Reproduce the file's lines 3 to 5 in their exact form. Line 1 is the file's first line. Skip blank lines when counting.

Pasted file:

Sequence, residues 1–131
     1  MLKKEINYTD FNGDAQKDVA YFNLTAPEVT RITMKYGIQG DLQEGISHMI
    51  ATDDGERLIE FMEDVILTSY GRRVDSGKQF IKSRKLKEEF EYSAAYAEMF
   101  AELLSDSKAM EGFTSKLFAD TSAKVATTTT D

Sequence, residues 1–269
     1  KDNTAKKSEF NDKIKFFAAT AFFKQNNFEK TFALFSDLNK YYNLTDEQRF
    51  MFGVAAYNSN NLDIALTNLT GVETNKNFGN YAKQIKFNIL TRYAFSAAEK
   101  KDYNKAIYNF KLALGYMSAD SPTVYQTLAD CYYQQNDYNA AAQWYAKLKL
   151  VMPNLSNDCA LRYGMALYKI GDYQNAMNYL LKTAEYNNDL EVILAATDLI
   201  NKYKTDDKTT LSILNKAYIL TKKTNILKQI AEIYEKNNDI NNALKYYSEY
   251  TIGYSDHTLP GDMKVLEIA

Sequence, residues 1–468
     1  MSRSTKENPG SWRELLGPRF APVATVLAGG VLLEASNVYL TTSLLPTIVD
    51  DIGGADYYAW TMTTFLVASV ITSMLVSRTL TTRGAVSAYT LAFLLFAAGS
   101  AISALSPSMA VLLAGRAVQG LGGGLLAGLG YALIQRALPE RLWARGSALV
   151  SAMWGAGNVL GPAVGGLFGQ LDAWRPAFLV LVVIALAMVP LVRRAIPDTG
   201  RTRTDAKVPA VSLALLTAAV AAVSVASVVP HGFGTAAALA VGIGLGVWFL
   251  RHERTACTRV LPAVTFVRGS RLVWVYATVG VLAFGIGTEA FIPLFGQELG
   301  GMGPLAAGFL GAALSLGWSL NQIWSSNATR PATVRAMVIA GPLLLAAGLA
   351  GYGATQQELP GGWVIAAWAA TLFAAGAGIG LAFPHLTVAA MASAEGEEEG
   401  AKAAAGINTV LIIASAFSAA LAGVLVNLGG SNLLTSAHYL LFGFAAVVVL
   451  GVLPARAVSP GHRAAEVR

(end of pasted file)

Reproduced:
    51  ATDDGERLIE FMEDVILTSY GRRVDSGKQF IKSRKLKEEF EYSAAYAEMF
   101  AELLSDSKAM EGFTSKLFAD TSAKVATTTT D

Sequence, residues 1–269